FADED CELEBRITY IN CHIEF BARRY O IS BEING CALLED A PERV AND THE ONLY SURPRISE THERE IS THAT NO LIVESTOCK ARE INVOLVED.
REACHED FOR COMMENT FADED CELEBRITY AND ONE-TIME FEMINIST GLORIA STEINEM TOLD THESE REPORTERS THAT THERE WAS NOTHING SEXIST ABOUT BARRY O GROPING AND LEERING AT A 23-YEAR-OLD WOMAN, "AND BELIEVE ME, I SHOULD KNOW! I WAS JUST VOTED SEXIEST SOCIALIST SENIOR AT MY RETIREMENT HOME!"
FROM THE TCI WIRE:
Turning to the persecuted in Iraq, Adam Chandler (The Wire via MSN) notes, "ISIS, which recently rebranded as the Islamic State, has solidified its control over Iraq's second-largest city by imposing Sharia law and expelling Christians who won't convert to Islam. The end of last month marked the first time a mass wasn't held in the city in more than 1600 years." While Catholic Online notes:
"You have no place here anymore, you have to leave immediately," a member of the Syriac clergy quoted the Sunni militants as telling the monastery's residents.
The monks reportedly pleaded to save some of the monastery's relics. The fighters refused and ordered them to leave on foot with nothing but their clothes on their backs.
Christian residents from the area say the monks walked several miles along a deserted road and were eventually picked up by Kurdish peshmerga fighters who drove them to Qaraqosh.
Five monks have been expelled from Mar Behnam. Christian families in the area said there may have been up to nine people living at the monastery.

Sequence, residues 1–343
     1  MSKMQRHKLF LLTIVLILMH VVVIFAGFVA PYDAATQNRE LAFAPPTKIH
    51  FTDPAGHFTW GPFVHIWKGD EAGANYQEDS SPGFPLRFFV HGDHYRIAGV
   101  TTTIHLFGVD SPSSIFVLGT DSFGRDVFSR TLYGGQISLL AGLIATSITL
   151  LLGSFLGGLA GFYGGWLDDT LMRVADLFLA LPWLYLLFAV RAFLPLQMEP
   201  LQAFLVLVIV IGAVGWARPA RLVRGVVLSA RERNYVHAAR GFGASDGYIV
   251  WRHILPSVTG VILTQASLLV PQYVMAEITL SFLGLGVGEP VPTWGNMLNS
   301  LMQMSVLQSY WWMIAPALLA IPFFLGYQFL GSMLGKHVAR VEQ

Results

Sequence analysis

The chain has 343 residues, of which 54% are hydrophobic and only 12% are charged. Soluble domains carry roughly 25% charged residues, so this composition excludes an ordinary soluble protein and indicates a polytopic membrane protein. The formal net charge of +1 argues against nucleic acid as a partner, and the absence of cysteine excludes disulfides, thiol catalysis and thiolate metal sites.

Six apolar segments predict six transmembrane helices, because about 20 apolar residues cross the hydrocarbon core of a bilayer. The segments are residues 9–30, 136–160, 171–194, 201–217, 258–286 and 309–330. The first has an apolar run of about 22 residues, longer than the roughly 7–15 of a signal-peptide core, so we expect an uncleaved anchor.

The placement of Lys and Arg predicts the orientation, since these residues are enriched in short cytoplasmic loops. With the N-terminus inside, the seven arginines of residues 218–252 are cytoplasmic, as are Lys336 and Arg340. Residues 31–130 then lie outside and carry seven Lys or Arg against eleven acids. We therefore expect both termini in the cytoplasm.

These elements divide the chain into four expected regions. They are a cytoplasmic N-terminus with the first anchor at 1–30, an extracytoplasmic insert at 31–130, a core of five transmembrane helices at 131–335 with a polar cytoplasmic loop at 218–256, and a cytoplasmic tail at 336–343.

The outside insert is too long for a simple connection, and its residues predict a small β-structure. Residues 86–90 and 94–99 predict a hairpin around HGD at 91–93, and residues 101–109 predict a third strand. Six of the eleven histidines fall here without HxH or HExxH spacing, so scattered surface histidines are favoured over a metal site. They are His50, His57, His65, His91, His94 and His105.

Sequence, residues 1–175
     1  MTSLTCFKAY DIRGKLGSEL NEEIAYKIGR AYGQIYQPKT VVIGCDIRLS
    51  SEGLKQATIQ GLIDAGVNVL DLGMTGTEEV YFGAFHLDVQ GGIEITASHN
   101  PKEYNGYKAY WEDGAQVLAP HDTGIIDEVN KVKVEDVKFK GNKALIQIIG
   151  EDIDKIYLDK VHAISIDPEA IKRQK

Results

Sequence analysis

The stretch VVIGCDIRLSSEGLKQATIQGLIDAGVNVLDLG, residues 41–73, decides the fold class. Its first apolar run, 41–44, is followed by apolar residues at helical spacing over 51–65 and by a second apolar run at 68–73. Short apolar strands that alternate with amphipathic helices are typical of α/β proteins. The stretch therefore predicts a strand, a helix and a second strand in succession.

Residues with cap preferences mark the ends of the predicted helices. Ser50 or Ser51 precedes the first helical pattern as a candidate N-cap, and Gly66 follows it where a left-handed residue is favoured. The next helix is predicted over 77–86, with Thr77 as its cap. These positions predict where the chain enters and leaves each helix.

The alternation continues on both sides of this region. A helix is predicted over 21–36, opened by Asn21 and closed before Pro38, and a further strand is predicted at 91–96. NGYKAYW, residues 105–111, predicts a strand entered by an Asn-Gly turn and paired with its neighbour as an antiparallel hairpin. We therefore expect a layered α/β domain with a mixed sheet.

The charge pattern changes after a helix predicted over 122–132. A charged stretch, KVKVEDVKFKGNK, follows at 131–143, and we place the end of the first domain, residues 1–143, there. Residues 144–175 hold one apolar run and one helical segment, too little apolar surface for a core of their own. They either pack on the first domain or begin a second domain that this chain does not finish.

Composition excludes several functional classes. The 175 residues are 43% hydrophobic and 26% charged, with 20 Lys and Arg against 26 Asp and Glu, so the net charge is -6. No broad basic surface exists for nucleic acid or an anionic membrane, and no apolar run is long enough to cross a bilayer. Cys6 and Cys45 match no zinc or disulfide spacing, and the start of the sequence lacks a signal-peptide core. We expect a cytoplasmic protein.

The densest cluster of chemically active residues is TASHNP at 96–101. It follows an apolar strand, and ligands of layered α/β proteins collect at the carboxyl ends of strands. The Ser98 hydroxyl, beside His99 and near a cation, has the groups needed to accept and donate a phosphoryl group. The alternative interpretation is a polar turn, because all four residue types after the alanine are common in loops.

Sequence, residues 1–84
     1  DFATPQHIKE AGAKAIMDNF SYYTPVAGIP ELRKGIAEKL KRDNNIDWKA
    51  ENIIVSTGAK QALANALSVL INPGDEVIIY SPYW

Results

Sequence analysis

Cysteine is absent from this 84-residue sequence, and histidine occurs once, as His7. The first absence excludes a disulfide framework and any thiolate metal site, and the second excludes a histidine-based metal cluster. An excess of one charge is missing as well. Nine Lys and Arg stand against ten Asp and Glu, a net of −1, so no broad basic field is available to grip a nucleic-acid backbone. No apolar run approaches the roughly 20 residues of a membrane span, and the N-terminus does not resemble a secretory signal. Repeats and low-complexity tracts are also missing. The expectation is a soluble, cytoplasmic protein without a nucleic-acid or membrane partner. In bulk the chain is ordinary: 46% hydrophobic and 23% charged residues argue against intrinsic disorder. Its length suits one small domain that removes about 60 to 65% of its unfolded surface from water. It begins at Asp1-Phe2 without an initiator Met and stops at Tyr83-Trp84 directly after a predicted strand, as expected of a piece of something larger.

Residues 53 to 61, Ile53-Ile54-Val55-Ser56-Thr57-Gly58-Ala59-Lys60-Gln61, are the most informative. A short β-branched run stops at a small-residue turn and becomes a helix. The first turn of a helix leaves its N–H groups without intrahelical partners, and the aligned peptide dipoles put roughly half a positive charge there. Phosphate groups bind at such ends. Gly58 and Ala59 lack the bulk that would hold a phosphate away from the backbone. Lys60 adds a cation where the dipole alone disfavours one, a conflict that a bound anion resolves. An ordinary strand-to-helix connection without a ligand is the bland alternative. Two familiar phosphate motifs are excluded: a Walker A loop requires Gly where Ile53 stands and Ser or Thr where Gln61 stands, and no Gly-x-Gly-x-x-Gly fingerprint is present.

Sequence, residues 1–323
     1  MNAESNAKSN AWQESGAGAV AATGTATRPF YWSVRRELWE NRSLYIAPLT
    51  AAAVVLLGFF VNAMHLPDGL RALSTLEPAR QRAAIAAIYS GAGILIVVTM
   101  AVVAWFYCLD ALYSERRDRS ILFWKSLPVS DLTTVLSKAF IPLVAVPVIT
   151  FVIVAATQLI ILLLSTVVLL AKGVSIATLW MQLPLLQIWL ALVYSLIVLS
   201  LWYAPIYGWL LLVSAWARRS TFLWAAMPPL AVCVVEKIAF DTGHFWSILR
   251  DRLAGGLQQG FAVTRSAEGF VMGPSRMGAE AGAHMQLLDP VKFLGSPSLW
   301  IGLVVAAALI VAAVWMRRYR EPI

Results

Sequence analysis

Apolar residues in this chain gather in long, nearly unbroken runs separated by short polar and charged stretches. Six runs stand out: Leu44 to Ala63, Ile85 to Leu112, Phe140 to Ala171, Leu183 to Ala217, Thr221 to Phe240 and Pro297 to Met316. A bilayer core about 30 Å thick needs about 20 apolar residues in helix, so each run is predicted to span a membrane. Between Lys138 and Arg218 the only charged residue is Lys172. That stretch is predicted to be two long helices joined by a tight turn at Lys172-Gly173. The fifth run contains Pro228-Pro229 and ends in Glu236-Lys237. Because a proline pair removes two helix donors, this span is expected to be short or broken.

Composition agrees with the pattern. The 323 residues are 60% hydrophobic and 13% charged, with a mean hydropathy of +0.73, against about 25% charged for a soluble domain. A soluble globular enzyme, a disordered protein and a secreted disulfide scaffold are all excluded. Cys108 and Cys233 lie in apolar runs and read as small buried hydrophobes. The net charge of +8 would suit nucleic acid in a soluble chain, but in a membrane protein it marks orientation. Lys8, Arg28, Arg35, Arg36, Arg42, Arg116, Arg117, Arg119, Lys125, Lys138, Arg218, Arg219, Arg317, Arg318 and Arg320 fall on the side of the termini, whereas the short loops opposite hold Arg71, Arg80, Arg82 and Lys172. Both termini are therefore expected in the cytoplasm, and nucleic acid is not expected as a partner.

Friday, the Islamic State informed the Christians of Mosul there were two choices if they wanted to go on living in Mosul: pay a tax or convert to Islam. If they didn't want to do either and attempted to remain in Mosul, they would be killed. The events and threats have been decried by many leaders including the Pope. Independent Catholic News notes, "Pope Francis has reassured the Patriarch of the Syriac Catholic Church Ignatius Youssef III Younan that he is following news out of Iraq with concern, particularly the dramatic situation of Christians in Mosul who have been threatened with death and seizure of their homes by Islamic militants demanding they leave or convert to their form of Islamic belief. Christians have lived in Iraq’s second largest city for nearly two thousand years; there are few, if any, left now in Mosul." Also offering promises is the governor of Erbil Province. AP notes that he (Nawzad Hadi) is promising "to protect fleeing Christians and other minority groups. The territory is currently home to more than 2 million refugees and internally displaced people from Iraq and Syria, according to the United Nations." Lebanon's Daily Star adds:
The Army of the Men of the Naqshbandi Order – a collection of former members of the Baath party said to be helping ISIS in its conquests – has disassociated itself from violence against minority groups.
“Our army is an extension of the former national Iraqi army and includes all the factions of the Iraqi people such as Sunnis, Shiites, Arabs, Kurds, Turkmen as well as Christians, Yazdis and Sabeans who want to liberate Iraq and relieve it from subordination,” the group said in a message posted on its official website Tuesday.
“We don’t have any connection or coordination with any group ... which calls for dividing Iraq and its people on ethnic and sectarian basis.”
Of course, it's not just the city of Mosul being targeted, surrounding cities and towns have been targeted as well. Jason Motlagh (Bloomberg News) reports on the neighboring city of Qaraqosh where IS has limited the amount of water the city gets: